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Ontario elementary, high school teachers start work-to-rule campaigns

Ontario's public elementary and high school teachers start work-to-rule campaigns on Tuesday, saying months of contract talks have produced little progress.

Parents can expect 'absolutely nothing' to change for students, unions say

Teacher Hayley Mezei and her colleagues stood outside Queen Victoria Public School in Toronto on Tuesday morning, on the first day of work-to-rule. (Meagan Fitzpatrick/CBC)

Ontario's public elementary and high school teachers are running work-to-rule campaigns starting Tuesday, saying months of contract talks have produced little progress.

Members of The Elementary Teachers' Federation of Ontario and the Ontario Secondary School Teachers' Federation are withdrawing some administrative services, such as putting comments on report cards, attending certain meetings and participating in standardized testing.

"Parents can expect to see absolutely nothing to change in terms of the quality of their children's learning environment," said OSSTF president Harvey Bischof.

High school teachers are holding information pickets to distribute information to parents, but will not impede access to schools, Bischof said.

Parents should know "we're on the side of their children," said Rachel Rosen, a teacher at Sole Alternative school in Toronto, at an information picket line Tuesday morning. 

"I'm very frustrated," she said. "If there is money to break contracts with the LCBO, if there is money to put stickers on gas stations, I think there's money for the future of our province."

Elementary teachers gathered outside the main entrances of schools 15 minutes before class, walking in together in what their union called a "solidarity action."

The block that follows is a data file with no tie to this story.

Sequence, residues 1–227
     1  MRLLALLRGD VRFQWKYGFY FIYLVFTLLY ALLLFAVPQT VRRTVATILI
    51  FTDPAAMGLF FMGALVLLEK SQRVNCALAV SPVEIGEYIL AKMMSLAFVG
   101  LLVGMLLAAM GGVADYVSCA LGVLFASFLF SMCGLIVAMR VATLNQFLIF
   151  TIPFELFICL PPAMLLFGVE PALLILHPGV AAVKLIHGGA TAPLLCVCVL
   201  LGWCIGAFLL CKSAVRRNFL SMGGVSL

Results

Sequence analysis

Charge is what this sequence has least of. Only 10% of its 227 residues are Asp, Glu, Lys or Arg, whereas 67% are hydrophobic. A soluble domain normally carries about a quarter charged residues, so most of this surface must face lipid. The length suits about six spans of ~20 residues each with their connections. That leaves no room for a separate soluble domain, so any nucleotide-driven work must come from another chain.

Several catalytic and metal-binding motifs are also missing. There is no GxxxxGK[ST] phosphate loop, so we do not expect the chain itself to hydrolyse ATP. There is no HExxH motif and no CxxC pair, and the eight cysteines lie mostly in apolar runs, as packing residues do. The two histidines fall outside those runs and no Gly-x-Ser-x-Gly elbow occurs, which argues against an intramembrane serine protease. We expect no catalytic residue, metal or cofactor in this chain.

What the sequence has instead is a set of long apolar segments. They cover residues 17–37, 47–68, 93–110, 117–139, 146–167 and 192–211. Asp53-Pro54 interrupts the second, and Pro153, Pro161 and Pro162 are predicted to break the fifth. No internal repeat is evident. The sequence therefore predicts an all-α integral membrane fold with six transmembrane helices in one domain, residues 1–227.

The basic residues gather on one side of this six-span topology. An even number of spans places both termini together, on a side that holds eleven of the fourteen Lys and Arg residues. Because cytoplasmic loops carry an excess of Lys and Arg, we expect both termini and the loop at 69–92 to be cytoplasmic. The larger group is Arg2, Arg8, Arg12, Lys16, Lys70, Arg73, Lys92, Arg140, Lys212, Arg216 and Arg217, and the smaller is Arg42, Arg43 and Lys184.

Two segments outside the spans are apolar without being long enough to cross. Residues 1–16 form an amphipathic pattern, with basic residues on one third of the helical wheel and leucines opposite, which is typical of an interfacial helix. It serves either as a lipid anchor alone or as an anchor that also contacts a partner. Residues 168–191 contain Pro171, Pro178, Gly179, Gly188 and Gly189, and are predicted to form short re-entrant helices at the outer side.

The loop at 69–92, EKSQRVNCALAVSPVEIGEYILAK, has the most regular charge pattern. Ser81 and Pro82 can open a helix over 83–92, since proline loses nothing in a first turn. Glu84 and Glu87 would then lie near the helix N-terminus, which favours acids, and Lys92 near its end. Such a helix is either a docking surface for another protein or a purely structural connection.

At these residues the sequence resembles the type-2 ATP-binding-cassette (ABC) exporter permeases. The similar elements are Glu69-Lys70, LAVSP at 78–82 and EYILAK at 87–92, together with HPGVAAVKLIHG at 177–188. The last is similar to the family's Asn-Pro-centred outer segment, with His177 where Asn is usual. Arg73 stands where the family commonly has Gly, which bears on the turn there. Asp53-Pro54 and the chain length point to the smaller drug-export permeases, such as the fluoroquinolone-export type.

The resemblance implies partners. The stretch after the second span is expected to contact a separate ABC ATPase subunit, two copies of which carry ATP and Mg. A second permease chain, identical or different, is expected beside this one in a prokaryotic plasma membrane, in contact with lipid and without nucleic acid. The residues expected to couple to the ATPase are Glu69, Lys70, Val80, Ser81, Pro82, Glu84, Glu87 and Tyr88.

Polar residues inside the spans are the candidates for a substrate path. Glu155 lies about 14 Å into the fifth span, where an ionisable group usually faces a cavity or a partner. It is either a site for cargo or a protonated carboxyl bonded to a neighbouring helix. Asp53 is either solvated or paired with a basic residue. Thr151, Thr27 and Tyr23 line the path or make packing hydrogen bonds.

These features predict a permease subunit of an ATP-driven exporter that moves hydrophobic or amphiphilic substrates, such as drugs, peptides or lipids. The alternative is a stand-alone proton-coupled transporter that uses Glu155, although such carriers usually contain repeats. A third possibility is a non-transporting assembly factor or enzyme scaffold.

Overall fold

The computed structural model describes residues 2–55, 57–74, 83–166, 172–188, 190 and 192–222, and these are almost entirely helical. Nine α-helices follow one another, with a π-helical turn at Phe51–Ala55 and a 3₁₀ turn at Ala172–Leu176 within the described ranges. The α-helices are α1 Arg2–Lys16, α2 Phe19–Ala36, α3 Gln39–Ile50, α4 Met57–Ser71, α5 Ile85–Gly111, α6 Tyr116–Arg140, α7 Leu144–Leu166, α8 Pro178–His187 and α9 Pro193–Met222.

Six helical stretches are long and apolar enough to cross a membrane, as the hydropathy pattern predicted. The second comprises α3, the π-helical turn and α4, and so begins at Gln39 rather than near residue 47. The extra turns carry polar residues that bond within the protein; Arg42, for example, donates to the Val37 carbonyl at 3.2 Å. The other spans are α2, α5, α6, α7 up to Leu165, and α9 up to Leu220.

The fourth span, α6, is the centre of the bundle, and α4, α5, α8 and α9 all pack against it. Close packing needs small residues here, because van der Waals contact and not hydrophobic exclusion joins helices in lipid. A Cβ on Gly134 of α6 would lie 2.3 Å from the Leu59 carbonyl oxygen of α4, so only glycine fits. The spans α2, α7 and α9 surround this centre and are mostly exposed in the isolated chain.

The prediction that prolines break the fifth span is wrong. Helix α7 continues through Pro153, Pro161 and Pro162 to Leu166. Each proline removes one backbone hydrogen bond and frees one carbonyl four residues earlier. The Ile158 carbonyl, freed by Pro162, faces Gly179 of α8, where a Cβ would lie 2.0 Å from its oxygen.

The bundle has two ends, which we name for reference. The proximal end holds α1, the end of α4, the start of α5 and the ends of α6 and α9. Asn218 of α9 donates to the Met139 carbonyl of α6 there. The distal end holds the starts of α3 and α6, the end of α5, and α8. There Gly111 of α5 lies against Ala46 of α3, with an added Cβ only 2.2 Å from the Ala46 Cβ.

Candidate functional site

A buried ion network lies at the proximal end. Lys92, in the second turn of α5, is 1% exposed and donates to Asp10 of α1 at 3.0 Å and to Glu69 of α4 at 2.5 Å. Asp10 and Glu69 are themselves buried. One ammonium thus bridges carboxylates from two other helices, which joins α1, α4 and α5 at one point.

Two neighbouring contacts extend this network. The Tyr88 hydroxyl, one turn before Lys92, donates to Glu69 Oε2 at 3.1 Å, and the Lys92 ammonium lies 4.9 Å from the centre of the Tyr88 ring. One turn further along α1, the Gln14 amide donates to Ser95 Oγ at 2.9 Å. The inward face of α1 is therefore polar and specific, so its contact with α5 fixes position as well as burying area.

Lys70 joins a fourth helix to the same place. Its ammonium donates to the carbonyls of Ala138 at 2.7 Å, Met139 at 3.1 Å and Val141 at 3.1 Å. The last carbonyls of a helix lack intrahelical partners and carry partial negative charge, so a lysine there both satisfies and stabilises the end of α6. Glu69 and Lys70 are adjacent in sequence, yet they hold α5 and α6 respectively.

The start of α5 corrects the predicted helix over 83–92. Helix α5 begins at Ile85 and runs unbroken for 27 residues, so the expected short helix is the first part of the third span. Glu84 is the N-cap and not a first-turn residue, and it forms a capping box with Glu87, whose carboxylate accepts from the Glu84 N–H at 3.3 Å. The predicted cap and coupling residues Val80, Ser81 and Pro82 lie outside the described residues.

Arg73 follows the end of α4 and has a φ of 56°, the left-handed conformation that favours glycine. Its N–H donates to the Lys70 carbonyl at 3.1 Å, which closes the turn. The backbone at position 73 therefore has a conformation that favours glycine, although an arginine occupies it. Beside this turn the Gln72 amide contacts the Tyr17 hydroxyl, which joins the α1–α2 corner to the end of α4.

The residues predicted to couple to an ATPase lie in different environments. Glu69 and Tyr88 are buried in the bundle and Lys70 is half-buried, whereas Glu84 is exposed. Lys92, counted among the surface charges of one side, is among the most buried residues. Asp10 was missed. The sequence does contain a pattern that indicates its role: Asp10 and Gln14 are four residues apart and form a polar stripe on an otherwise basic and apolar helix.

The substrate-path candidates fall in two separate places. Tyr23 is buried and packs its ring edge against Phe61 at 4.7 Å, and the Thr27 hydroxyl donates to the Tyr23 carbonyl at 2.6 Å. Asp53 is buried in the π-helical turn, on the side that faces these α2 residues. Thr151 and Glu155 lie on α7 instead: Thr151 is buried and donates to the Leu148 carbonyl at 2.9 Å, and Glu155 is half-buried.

Teachers walking into Queen Victoria Public School on Tuesday, chanting 'cuts hurt kids.' (CBC)

Cuts are "already being felt," said Fraser Telford, a teacher at Queen Victoria Public School in Toronto.

Outside schools, some teachers talked about larger class sizes, not enough teachers, fewer course options, mandatory high school e-learning and support for things like special education.

"It's going to get worse for the kids in the future," said Telford, whose colleagues walked into school holding signs and chanting "cuts hurt kids."

"Ideally if we can stop it now, we'll be able to keep our education system strong."

Fraser Telford and Lyla Macaulay, teachers at Queen Victoria Public School, walked into school in solidarity on Tuesday. (Meagan Fitzpatrick/CBC)

OSSTF has talks scheduled with the province Wednesday and Thursday this week, and escalating the strike after that point is possible, Bischof said.

"We don't have infinite patience with this," he said. "The government unilaterally imposed cuts that students are already suffering from. That's not something we did. They did it. We want that to change."

Harvey Bischof, president of the Ontario Secondary School Teachers' Federation, says the province unilaterally imposed cuts that are hurting students already. 'That's not something we did. They did it. We want that to change." (CBC)

No report card comments will hurt students, minister says